Major floods are associated with the two monsoon seasons. Heavy rainfall in the Eastern and South-Western slopes is a principal cause of the flood risk. In addition, the drainage and topography of certain districts and land use patterns are also significant factors. The Western slopes receive rainfall in both Maha (September to January) and Yala (May-August) seasons, and is prone to flooding in these periods. The Eastern slopes of the country receive most of the rainfall during the Maha season (September to January). This is also the cyclone and storm season that can bring heavy rainfall in short time periods. Thus the two regions show distinct flood seasonality. The District of Vavuniya shows a higher flood probability due to cyclonic storms. Even though the annual rainfall is lower than the Western highlands, Vavuniya and Mullaitivu in the North have recorded the highest rainfall intensities in the island.


Excessive rainfall, typical landform and geology, deforestation and unplanned land use practices combine to create landslide hazard especially during the last two decades in the mountain slopes of the Central and South Western regions of the Island. Landslides like any other natural disaster are a concern to us as they threaten the life and property of the people in the hill slopes.
(image: Districts Vulnerable to Landslide Hazard)

The districts of Badulla, Nuwara Eliya, Ratnapura, , Kandy and Matale are most prone to landslides. The highest risk is in the Kegalle District followed by Ratnapura and Nuwara Eliya Districts. Even within these Districts, there is spatial variability at Divisional Secretariat level. Changes in land use including cultivation of tobacco on steep slopes, land clearing in the hills, blocking of drainage paths, and the impact of the large reservoir construction may be the cause of the increase.


Drought is the most significant hazard in Sri Lanka in terms of people affected and relief provided. Drought occurs in the south-eastern, north central and north-western areas of Sri Lanka due to low rainfall during monsoons. In some areas, consecutive years of drought had lasting impact on livelihood options .The prevalence of drought maybe surprising given that Sri Lanka receives on average 1,800mm of rainfall annually. However, it is distributed unevenly. A large part of the island is drought-prone from February to April and on to September if the subsidiary rainy season from May to June is dry. There is a stronger tendency to drought in the South-Eastern district of Hambantota and the North-Western region of the Mannar and Puttalam. The drought tendency is markedly less in the South-West corner of Sri Lanka where there is heavy rainfall. Main causes of drought are low rainfall, deforestation, improper land use and unplanned cultivation.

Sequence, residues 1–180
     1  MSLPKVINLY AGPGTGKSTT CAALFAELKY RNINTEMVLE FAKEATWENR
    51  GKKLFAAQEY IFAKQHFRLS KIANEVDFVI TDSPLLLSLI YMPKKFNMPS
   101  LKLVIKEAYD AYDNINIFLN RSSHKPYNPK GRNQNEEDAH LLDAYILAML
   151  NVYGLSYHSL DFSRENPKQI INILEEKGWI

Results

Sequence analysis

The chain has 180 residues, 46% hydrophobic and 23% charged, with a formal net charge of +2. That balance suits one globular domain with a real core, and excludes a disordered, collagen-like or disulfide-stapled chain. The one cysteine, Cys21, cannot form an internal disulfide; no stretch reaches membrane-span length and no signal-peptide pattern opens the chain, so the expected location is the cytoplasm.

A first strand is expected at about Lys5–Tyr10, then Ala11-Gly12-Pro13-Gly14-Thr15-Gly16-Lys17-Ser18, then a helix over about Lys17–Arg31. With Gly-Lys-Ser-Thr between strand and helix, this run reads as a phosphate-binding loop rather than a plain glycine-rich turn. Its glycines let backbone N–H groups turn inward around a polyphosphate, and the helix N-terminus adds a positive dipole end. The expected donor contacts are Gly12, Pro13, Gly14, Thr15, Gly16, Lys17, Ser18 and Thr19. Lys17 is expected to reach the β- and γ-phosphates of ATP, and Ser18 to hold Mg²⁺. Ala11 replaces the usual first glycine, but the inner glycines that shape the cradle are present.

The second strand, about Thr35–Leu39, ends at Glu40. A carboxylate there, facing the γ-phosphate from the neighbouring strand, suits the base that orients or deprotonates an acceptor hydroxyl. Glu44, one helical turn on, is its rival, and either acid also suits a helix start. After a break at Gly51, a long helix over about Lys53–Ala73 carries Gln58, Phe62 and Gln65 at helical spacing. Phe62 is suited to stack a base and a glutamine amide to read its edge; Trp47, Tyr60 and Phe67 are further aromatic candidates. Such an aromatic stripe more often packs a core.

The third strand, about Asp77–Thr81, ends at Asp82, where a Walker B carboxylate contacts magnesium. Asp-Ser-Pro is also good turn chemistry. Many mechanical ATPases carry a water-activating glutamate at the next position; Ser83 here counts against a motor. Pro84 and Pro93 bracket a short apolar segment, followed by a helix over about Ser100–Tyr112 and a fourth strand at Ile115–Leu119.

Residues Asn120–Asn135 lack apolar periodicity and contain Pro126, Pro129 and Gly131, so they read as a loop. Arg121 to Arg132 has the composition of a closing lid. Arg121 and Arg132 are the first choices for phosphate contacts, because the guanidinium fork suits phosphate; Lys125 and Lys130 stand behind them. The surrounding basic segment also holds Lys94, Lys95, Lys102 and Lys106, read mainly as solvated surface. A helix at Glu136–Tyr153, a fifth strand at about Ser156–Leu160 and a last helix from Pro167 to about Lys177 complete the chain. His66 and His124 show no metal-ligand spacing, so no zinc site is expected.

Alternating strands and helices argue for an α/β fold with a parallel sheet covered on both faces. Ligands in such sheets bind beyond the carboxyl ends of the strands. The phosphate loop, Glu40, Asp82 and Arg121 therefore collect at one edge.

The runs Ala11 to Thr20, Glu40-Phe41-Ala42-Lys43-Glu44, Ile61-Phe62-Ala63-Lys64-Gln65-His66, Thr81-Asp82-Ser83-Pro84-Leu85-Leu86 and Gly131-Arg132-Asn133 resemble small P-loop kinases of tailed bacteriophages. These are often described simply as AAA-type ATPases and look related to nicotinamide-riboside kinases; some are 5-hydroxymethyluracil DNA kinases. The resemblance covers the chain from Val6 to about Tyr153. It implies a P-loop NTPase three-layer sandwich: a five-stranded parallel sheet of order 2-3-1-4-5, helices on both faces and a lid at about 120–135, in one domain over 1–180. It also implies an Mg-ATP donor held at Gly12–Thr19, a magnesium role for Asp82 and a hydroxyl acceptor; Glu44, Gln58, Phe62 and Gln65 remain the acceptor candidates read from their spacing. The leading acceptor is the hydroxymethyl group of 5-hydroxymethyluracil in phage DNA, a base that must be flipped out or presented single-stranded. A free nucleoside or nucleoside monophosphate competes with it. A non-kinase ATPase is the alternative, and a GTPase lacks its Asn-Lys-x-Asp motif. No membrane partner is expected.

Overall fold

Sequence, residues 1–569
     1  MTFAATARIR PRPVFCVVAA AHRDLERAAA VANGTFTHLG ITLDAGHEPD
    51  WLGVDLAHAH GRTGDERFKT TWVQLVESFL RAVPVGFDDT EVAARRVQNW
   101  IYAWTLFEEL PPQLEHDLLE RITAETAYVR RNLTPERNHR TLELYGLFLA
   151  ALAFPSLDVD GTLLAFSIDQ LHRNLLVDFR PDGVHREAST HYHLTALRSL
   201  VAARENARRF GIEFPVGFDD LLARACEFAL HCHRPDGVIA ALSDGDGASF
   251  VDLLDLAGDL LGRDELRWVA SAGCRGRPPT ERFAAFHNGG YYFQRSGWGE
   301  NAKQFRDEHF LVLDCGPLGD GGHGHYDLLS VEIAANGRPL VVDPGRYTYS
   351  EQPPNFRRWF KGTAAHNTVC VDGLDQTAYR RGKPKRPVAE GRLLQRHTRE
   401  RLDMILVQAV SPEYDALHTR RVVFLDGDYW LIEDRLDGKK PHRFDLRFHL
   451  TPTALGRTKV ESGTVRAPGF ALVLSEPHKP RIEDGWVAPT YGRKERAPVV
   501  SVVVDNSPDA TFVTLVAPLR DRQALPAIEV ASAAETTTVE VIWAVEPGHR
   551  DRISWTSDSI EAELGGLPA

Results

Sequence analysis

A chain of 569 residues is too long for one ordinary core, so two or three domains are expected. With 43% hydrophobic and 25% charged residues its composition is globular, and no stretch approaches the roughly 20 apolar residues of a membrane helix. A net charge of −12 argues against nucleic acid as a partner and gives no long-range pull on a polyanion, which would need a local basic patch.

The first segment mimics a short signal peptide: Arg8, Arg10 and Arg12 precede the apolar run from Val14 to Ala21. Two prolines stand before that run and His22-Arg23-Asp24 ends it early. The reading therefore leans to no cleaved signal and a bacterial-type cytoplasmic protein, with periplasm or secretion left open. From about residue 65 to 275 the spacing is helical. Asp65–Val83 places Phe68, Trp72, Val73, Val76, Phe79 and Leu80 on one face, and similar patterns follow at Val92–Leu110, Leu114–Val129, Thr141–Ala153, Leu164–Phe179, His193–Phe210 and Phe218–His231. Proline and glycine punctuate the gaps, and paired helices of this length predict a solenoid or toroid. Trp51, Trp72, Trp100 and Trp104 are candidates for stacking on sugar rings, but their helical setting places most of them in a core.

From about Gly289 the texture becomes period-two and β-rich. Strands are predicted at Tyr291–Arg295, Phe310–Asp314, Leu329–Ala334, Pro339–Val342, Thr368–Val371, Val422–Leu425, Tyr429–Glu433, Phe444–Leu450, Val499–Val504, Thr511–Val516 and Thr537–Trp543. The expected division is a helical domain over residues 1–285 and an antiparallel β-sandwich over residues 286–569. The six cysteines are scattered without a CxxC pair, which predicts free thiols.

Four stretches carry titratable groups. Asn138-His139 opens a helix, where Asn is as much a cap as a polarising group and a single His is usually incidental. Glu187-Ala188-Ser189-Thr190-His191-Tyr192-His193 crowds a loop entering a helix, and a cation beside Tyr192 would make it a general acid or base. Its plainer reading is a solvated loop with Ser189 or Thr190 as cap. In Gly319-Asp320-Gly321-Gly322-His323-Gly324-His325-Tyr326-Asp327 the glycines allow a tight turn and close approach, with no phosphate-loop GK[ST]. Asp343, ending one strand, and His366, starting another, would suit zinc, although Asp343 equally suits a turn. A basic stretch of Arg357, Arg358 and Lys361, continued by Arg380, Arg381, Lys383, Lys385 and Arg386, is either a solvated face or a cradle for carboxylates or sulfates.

Although droughts cannot be classified as sudden disasters,they do cause hardship and financial loss mostly to farmers.
(image: Districts Vulnerable to Drought Hazard)


Sri Lanka is not located near any of the main plate boundaries that are prone to earthquakes. Indeed, it was head on a plate that extended from Australia to India. In the last decades, however this plate is beginning to rotate on account of accumulation of runoff from the Himalayas in the Bay of Bengal and other reasons leading to a fissure between the "Australian" and "Indian" plates. Some scientists believe that this is leading to a new plate boundary across the Southern Indian Ocean. This boundary is still approximately a 1000km from the south of Sri Lanka. Yet, these shifts have to be more carefully monitored and seismological studies need to be carefully followed. The Geological Survey and Mining Bureau is the goverment agency entrusted with seismological studies and it hosts a seismic station at Pallekelle in the Kandy District which is part of the global network of seismographs. Further research is needed to elucidate the consequences of compressions set up in the India plate and the impact of the recent earthquake on the regional hazards and also more precisely estimate the probabilities of the risk of earthquakes closer to Sri Lanka.